My childhood dream of a father had been just that conservative seeming type: a man who willingly accepted his self-imposed silence, his easy invisibility, and lived inside himself, in a self-validating world that had gradually become richer and quieter, like a pond in the woods that goes undisturbed for years, filling with leaves and spores, becoming a dark continuum of frog life and the slow chemistry of generation and decay.

Manche nennen's poetisch, ich finde derartige Vergleiche unfreiwillig komisch. Ebenso wie folgende Konstruktion
Forty years later I remember it all and dream the same dreams. Night after night I populate the dark.

Leider ist sich Burnside auch nicht zu schade für Klischees auf Frauenzeitschriften-Niveau:
you learn to love yourself by loving the world around you. Because what we love in ourselves is ourselves loving.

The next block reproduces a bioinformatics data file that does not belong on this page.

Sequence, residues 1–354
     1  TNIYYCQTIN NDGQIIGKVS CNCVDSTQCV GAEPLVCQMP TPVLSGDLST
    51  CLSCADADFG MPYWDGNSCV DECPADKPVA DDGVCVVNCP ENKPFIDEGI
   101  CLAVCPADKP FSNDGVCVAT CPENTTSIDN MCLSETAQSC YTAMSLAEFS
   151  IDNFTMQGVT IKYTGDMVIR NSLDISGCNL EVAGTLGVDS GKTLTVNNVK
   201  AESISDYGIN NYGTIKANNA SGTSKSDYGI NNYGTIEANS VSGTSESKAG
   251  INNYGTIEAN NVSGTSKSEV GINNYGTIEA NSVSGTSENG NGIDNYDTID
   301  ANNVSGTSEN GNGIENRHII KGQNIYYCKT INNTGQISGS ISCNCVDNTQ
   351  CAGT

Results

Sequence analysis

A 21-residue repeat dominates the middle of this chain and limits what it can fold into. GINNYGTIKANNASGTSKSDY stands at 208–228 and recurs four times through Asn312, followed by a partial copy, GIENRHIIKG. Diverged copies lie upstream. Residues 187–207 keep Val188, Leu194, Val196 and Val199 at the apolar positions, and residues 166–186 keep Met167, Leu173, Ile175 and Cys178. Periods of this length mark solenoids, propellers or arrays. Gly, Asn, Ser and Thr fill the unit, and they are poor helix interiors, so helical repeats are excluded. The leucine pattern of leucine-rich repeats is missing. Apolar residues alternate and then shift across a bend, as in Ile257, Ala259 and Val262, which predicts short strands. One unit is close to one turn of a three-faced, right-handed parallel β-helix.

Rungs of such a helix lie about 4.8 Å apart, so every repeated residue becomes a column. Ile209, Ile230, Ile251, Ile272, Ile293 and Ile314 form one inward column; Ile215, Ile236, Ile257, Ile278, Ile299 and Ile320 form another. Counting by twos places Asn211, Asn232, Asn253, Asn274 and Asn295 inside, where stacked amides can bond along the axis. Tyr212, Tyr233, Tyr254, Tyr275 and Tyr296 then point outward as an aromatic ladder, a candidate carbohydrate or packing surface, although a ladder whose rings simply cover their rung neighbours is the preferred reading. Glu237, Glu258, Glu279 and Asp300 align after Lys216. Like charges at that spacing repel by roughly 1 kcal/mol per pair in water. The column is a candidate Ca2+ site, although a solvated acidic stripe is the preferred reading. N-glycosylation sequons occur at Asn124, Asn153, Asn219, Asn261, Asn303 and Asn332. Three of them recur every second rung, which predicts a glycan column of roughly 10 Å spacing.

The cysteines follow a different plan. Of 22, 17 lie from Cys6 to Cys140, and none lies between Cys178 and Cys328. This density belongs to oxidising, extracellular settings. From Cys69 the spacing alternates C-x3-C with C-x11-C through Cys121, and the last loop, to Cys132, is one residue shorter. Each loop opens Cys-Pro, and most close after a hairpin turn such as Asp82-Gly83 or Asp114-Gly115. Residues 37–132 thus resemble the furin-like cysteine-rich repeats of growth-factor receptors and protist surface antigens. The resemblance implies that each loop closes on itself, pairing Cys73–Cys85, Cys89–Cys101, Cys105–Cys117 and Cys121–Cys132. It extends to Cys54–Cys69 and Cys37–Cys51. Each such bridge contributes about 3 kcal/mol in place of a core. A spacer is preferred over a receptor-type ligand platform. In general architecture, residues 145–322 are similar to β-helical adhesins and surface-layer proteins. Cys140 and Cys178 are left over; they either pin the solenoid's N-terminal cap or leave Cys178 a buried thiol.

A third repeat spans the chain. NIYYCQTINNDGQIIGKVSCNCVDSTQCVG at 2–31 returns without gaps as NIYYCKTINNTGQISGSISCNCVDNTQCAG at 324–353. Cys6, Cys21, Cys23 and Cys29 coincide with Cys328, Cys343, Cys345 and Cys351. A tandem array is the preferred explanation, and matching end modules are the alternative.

Nein, so eine Sprache zu lesen macht mir keinen Spaß.

Dabei nehme ich es Burnside durchaus ab, dass er ehrlich an einer Auseinandersetzung mit seinem verstorbenen Vater interessiert ist, dass er durch seine Spurensuche in seiner Kindheit der eigenen Geschichte näher kommen will. Das Buch ist keine billige Abrechnung, keine Schuldzuweisung. Sondern vielmehr ein authentischer, persönlicher Versuch, diese Figur des Vaters zu greifen, zu begreifen.
Der Autor hat mir nur bis zum Schluss nicht erklären können, warum das mich als Leser eigentlich interessieren soll. Und das liegt zum großen Teil daran, dass mir der Schriftsteller Burnside im Weg stand und den Blick auf den Sohn Burnside versperrt hat.